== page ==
Welcome to part two! (Thank you for all the likes I received for Part 1!)
Map in hand, I made my way towards the Titanic Quarter of Belfast. Although I had my map I still managed to get a bit lost as I am not always great at map reading! However, being ‘lost’ in a city such as Belfast can be a fun positive experience. Its relaxed nature and fascinating history mean that should you take a wrong turn there is always something interesting to look at or discover, or a very nice person to ask!
The weather was also very sunny and warm which made a nice change from all the rain back in England! Whilst I was wandering around finding my way the Orange Order parade was taking place through the city centre, with many marching bands.
The Orange Order parade has a religious and political history and has led to violence in parts of Belfast each year. However, alongside reinventing itself with culture and arts Belfast has also tried to make the parade a family and tourist friendly event renaming it ‘Orangefest’.
It’s very colourful and amazingly noisy, but in a good way! I’m not really a political or religious person so it wasn’t really ‘my thing’. However, as a visitor, I appreciated the tradition and it was good to experience something so ingrained in Irish history, something completely different to what I am used to.
The walk to the Titanic Quarter takes around 20 minutes from the city centre. Belfast encompasses five areas, within those areas are ‘quarters’, one of which is the Titanic Quarter which is centred around the docks area. The Titanic was famously built in Belfast, to coincide with the centenary of the Titanic sinking the docks have undergone (and still undergoing) a huge regeneration project, which includes the Titanic Belfast museum (see pic of building above).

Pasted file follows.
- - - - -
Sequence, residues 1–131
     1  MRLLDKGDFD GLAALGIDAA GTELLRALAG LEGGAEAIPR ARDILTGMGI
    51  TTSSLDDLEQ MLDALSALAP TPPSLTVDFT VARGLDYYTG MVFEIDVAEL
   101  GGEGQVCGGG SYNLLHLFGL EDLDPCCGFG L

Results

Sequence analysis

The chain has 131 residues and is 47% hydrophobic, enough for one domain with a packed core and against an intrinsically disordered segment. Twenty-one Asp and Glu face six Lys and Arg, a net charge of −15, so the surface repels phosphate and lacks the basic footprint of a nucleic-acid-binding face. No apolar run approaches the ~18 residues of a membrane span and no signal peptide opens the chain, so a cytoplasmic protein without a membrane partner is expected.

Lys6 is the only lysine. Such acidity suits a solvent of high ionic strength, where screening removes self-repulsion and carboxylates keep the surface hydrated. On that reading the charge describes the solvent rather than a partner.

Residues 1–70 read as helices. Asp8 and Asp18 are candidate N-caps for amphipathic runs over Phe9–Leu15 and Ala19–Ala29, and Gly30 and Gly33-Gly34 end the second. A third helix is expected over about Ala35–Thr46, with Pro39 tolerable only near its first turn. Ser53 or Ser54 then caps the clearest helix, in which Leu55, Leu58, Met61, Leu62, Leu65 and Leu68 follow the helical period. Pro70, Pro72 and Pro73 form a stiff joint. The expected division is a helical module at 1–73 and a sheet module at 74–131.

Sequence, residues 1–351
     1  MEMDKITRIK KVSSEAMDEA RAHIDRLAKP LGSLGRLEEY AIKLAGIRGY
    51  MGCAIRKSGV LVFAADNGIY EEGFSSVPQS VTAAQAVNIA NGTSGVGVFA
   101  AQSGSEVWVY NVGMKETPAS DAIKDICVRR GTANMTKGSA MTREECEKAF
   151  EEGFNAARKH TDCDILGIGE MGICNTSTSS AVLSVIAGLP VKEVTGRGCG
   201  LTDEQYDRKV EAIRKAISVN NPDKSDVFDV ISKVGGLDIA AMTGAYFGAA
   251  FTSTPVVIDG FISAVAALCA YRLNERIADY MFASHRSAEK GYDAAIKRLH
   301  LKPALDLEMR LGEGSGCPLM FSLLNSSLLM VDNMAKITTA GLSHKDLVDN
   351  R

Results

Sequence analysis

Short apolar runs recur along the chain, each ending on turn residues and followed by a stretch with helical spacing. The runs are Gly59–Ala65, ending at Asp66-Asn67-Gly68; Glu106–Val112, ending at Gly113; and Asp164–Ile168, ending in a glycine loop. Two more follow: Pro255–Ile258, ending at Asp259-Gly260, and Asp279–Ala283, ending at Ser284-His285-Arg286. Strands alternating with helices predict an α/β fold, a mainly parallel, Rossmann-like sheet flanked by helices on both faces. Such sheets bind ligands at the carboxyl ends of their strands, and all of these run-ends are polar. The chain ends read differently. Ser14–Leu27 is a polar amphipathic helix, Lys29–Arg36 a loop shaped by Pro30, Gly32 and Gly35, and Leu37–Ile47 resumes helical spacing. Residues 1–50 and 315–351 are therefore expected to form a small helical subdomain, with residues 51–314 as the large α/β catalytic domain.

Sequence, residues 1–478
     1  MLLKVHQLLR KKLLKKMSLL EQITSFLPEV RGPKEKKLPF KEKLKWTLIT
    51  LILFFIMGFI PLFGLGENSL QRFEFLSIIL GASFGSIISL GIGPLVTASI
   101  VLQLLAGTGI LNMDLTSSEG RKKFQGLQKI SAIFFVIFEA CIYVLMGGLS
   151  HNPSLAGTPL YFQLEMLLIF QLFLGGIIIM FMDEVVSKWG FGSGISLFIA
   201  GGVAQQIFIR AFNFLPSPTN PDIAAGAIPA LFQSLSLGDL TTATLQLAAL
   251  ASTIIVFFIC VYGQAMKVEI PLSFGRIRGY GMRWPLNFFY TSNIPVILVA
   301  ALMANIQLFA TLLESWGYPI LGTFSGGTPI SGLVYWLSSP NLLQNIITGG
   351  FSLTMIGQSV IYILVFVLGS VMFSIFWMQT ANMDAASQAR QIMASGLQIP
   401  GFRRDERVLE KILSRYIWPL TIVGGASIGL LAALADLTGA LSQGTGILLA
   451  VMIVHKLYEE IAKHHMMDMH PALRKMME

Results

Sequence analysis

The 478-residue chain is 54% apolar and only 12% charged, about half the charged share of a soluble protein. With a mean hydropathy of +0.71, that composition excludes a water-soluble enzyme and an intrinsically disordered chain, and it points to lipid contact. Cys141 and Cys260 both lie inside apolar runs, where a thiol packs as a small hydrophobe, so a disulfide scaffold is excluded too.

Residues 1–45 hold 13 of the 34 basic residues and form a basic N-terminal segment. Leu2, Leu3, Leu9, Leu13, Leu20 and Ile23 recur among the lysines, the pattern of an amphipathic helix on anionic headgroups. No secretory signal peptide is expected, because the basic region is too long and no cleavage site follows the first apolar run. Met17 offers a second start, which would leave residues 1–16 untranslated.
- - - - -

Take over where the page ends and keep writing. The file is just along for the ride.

It is a very peaceful area, which I enjoyed walking around whilst taking in the great scenery and reading at all the information points. (in fact Belfast has information points all over the city explaining the historical significance of each bit, which is a fantastic idea and makes it very tourist friendly and welcoming). I have included a few photos of the area below.
As I needed to save most of my money for the second part of my trip I decided not to buy a ticket for the museum. I was more than happy to wander around the area though, it’s a lovely place with parts of it reminding me of Newcastle Quayside. The Titanic building is impressive inside and out, whilst there I enjoyed a very tasty seafood chowder in Bistro 401, which I recommend 🙂
The Titanic Quarter also includes the Titanic Dock and Pump House, The Paint Hall (where ships were painted), Harland and Wolff HQ and drawing offices. The Titanic link can be seen all around Belfast, with public art around the citym there are also boat tours available. If you would like to find out more follow this link.
For everything else Belfast visit te main GotoBelfast website, which is very helpful in general, I used it a lot before going. Also, the excellent Belfast Welcome Centre on Donegall Place is also a great place to start when planning where you want to visit.
Here are some of the pics I took around the Titanic Quarter.
My next post is about my stay in the coastal town of Larne. See you there I hope 🙂